Marx Bros. for the Uninitiated: Part 2

This is Part 2 of our Marx Brothers for the Uninitiated series. In the first part, we introduced the Marx Brothers and their personas, along with their first 5 feature films. You can read Part 1 here.

If you read our site often, you may see frequent references to the Marx Brothers. If you have your life going on track and you’re a good person, then you know who they are. However, it has come to our attention that some people know who they are, but have never seen their movies! Even worse, some people just don’t know who they are.

So here, friends, is an introduction to the Brothers Marx (part 2). These intros will not tell you much about the movie specifics, because you need to watch them. These movies are not about plot or character, they are about The Marx Brothers.

Marx Brothers by Amanda Wood

 

Since they made so many wonderful films, this is part two of your introduction for the uninitiated. We will look at the Marx Brothers in general, and their first feature films made sans Zeppo. I have included clips of them all!

The Brothers

When the Marx Brothers ended their contract with Paramount, Zeppo and Gummo became world-class agents. They even represented Jack Benny! The other three brothers tried some radio work, before meeting Irving Thalberg. Thalberg led them to make two of their best-produced films to wide acclaim under MGM, before dying abruptly during the filming of A Day at the Races. All movies from now only include Groucho, Chico, and Harpo, back and ready for action. Zeppo focused on being a superstar agent rather than gracing us with his tiny, perfect voice.

The Personas

In these later movies, the studios took more care to give the movies some substance, such as plot or story arcs. Who cares, amirite? Anyway, even though the studios tried to make the characters more sympathetic, it didn’t work. Groucho appears darker, more nihilistic. He has more opportunities to shut people down and insult women. It’s almost like he tried really hard to do the opposite of what they wanted.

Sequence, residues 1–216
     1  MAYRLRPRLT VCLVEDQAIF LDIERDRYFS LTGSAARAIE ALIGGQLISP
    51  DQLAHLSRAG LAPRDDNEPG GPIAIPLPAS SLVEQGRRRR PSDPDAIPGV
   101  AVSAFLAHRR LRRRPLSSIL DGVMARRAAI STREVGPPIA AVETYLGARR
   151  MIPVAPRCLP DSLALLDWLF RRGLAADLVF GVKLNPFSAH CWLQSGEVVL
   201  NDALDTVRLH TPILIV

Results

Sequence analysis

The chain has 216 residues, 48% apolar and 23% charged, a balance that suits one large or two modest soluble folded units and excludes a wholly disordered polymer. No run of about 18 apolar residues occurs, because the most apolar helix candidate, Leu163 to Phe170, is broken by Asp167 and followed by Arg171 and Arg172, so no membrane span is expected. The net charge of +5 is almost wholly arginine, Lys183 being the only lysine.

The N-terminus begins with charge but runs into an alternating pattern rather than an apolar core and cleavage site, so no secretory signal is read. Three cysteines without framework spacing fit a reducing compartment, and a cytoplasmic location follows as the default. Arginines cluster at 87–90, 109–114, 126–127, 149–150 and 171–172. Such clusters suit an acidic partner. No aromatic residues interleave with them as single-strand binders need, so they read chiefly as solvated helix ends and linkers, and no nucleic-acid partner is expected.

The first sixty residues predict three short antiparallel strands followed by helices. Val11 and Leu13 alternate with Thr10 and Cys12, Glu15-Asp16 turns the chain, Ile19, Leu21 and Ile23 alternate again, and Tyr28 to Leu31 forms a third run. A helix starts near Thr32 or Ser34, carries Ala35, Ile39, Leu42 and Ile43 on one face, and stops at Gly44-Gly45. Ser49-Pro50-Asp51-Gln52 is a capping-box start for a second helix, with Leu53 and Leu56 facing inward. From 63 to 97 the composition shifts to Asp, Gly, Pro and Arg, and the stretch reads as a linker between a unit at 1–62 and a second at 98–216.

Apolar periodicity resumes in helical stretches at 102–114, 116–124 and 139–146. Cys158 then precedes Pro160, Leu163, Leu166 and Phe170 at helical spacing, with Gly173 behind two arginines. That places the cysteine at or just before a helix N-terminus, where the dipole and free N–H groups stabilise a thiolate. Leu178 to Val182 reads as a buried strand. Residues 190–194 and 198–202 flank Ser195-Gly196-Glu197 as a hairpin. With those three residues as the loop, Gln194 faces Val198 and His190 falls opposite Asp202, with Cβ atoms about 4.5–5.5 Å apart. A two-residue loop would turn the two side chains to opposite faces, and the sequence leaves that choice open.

Chico’s personality has leveled out for the most part. However, his extreme fake Italian-ness gets even more extreme. His accent grows thicker and more ridiculous (racist?). But he also does get a little more lovable and a little less infuriating.

Harpo is ever more terrifying. Ever more silent.

The Films

A Night at the Opera

Groucho stars as Otis B. Driftwood in this movie, hoping to help an opera company hire some more famous acts. It obviously all goes awry. Chico plays Fiorello, a manager of one of the singers, while Harpo plays Tomasso. The scene below is one of the greatest and most memorable scenes from the movie, and may even be reminiscent of this Keaton scene.

 

A Day at the Races

This is my favorite Marx Brothers movie, so bear with me. In this one, Groucho plays Dr. Hugo Z. Hackenbush, a veterinarian. Chico’s character, Tony, invites Hackenbush to be the official sanitarium doctor where he works, at the request of an addle-brained patient who thinks he is a human doctor. The romantic couple in the movie has a fight about a horse that the man bought, Hi-Hat. Hi-Hat is the star of the show, and Stuffy, played by Harpo, is his jockey.

What follows is the usual series of hilarious misunderstandings, but now there’s a horse in the mix! Also, while the blackface scene may not be acceptable in 2016, it features Whitey’s Lindy Hoppers, some of the best dancers around back then. The dance scene was even nominated for an Academy Award. The clip below is my absolute favorite scene, which was actually cut from the film. (This was the song I planned to sing to my sister at her veterinary school graduation, but as it turns out, I never learned to sing.) The clip underneath is the fabulous Lindy Hoppers! Be careful, they’re exhausting just to watch!

 

Room Service

This movie was filmed in what would later become DesiLu studios. And what a coincidence, Lucille Ball is in this one! Ooh la la. This movie was based on an existing play and the parts were not created specifically for the Marx Brothers for once. Many people consider this movie to be the beginning of the end, in regards to the Marx Brothers quality we’ve come to know and love.

The main plot of this movie is that they are trying to get a play produced and also not pay their hotel bill. Wacky! Groucho plays Gordon Miller, the producer. Chico plays Harry Binelli and Harpo plays Faker Englund. Below is a truly terrifying scene from the movie

 

At the Circus

This gem has drama built right in. It’s at the circus! And even better, you don’t have to pay to watch animals being mistreated. (If you see one there in the back who looks sad, just remember this movie is from 1939.) As usual, the Marx brothers are around to inexplicably help save a dying business.

Groucho plays the lawyer J. Cheever Loophole. Chico plays Antonio Pirello and Harpo plays Punchy. Although the song below is amazing, you should definitely watch the movie for Groucho’s fights with a gorilla. Spoiler: at some points, the gorilla turns into an orangutan, due to some wacky Marx hijinx behind the scenes.

 

Come back next month for Part 3! Will it ever end?

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